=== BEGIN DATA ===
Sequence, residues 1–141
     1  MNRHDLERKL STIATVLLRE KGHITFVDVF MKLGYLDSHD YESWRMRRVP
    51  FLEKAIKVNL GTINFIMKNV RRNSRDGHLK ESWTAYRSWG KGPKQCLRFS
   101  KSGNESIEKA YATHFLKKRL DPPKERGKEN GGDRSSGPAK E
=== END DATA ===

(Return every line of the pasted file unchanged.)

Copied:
Sequence, residues 1–141
     1  MNRHDLERKL STIATVLLRE KGHITFVDVF MKLGYLDSHD YESWRMRRVP
    51  FLEKAIKVNL GTINFIMKNV RRNSRDGHLK ESWTAYRSWG KGPKQCLRFS
   101  KSGNESIEKA YATHFLKKRL DPPKERGKEN GGDRSSGPAK E